Weekly Reading

It's been a while, eh?

I've had a chance to do a bit of reading since the Christmas and New Year break and since the last update.

First up was Plague War by Guy Haley, another 40k book (I've read a lot of them). Even by 40k's standards this was pretty badly written, but interesting in as much as it's one of the more recent books written that actively seeks to progress the setting's storyline. Worth picking up if you're a 40k fan, not worth touching if you're not.

Following on from the last update where I read of Trillion Dollar Coach - I read The Coaching Habit by Michael Bungay Stanier which I picked up for 99p in one of the endless Kindle daily deals. Even at that price it'd be hard to recommend it. The only good thing I have to say for it is that it lasted about as along as a train ride from Liverpool Street to Diss. Not to be entirely negative, it probably would have made for an interesting blog post and the key takeaway is a valuable one to remember: listen more, talk less.

Finally, I read This is Marketing by Seth Godin. If you're anything like me and you've spent time reading articles and blog posts about marketing, you've probably come across Seth's name here and there. I came into this expecting little and wasn't too surprised with what I got out of this. This is Marketing is a book for people who know nothing about marketing, Seth writes endless pithy but ultimately meaningless generalities that fail to provide any sort of insight or knowledge that you can apply back into your own practice. If you want to learn marketing, this ain't it.

I do have one good thing to say about This is Marketing though which is that Seth makes a clear stand towards a more moral approach towards marketing, which I can't help but agree with.

Shameless marketers brought shame to the rest of us A short-term, profit-maximizing hustler can easily adopt a shameless mind-set. Spamming, tricking, coercing. Is there any other profession that proudly does this?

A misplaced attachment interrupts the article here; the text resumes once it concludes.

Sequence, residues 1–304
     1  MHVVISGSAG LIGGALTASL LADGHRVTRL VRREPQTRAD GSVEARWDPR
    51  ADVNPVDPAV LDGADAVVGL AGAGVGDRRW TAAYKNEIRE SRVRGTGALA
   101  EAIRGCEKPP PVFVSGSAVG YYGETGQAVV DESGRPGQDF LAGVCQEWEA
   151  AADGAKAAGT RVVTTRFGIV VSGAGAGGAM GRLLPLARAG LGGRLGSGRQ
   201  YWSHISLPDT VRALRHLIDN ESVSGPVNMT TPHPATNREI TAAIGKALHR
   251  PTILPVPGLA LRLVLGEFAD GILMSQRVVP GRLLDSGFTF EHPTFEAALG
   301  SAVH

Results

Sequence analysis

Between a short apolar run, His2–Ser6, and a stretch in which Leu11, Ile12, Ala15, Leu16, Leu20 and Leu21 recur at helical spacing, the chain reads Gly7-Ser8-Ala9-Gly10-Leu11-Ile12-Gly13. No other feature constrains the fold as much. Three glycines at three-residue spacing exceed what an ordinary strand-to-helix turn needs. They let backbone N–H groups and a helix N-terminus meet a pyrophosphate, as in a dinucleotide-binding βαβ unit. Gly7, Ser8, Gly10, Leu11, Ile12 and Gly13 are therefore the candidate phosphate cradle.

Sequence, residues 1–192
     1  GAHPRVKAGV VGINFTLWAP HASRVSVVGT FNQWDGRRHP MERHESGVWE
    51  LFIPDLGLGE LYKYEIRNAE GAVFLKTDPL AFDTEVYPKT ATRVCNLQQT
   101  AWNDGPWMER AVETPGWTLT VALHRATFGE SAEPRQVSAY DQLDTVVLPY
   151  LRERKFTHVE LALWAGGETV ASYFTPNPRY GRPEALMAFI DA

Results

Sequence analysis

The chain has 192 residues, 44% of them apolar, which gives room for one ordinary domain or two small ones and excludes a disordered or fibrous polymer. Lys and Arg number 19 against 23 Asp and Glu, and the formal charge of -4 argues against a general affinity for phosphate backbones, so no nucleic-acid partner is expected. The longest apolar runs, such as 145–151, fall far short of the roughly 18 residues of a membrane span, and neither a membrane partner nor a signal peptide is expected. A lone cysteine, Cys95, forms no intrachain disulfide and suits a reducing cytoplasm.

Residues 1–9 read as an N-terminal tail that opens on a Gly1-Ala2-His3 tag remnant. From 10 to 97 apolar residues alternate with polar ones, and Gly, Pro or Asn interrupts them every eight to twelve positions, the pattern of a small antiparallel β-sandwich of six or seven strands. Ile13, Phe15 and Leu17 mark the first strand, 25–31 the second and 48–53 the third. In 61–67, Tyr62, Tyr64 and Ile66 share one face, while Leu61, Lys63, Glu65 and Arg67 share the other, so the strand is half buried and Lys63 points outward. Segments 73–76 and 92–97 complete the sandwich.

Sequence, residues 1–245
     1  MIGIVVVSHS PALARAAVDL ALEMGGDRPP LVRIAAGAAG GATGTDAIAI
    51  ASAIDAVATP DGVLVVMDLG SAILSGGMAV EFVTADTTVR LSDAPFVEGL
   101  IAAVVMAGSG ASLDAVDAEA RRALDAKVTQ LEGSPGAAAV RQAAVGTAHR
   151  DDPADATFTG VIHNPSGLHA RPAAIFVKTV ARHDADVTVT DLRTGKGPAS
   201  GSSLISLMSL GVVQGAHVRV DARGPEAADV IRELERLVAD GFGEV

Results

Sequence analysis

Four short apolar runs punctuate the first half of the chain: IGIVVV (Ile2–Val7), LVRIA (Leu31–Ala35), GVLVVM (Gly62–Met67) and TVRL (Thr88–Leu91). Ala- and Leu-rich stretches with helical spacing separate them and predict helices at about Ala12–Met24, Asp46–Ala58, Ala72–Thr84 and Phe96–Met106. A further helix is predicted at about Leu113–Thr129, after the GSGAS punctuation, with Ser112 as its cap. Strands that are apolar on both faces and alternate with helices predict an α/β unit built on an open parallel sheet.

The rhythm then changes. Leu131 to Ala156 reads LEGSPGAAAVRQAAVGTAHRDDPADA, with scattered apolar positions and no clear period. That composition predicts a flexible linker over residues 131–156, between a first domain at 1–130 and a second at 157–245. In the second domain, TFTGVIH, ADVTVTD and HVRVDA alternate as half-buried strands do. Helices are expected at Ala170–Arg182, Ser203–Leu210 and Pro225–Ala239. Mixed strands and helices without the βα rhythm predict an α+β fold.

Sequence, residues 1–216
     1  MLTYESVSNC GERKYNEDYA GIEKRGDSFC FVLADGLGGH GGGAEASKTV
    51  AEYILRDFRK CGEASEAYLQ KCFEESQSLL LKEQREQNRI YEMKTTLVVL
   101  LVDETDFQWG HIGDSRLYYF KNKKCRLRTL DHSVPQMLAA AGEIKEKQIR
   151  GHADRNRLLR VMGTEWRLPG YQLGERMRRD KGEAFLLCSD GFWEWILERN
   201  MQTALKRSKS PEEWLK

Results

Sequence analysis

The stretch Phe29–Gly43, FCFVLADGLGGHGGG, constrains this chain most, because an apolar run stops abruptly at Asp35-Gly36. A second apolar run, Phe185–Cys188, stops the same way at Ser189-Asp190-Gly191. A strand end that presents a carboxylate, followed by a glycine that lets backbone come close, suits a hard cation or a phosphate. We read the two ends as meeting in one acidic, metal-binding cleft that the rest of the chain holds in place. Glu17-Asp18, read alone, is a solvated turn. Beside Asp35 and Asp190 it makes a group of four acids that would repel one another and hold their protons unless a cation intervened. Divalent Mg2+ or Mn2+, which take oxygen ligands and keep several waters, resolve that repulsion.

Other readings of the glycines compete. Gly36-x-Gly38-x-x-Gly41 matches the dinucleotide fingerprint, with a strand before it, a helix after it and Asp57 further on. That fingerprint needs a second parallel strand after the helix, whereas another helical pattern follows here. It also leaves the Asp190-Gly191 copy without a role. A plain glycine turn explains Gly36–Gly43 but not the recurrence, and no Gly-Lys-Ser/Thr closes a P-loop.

Last year I read 45 books, which according to Goodreads means I read 14,400 pages. Not too shabby, I've started another challenge again this year - I find it's a great way to stay motivated and to remember what I actually read.

I'm still slooooowwwwwwwwwwly plodding through The Holy Roman Empire: A Thousand Years of Europe's History. I'll get there eventually.

Having just got back to work on Thursday, I've not had much time to read articles online, but here are a couple of the better ones I've come across.

You've undoubtedly come across the concept of statistical significance, you've probably even used it in some way or other - maybe in gauging the effectiveness of one email subject lines vs another, or what colour that CTA should be on your landing page. Some people are now making a solid case for getting rid of it - their arguments, backed by many top statisticians are well worth reading.

I used to work in spread betting so I'm no stranger to some of the bullshitters who like to call themselves "traders". Vice recently wrote a great article on that side of the industry. Spoiler alert - if something sounds too good to be true, it usually is.

I like a good rant, apparently I'm not the only one.

You probably (hopefully - hiding under a rock does no one any favours) saw the news on Friday. The New Yorker wrote a powerful exposé on Qassem Suleimani back in 2013, it's worth reading if you want to understand what's currently going on and why this action was worth taking.

Rather timely as I just bought a new toothbrush, Wired wrote an article on Big Toothbrush. You should buy an electric toothbrush if you care for your teeth.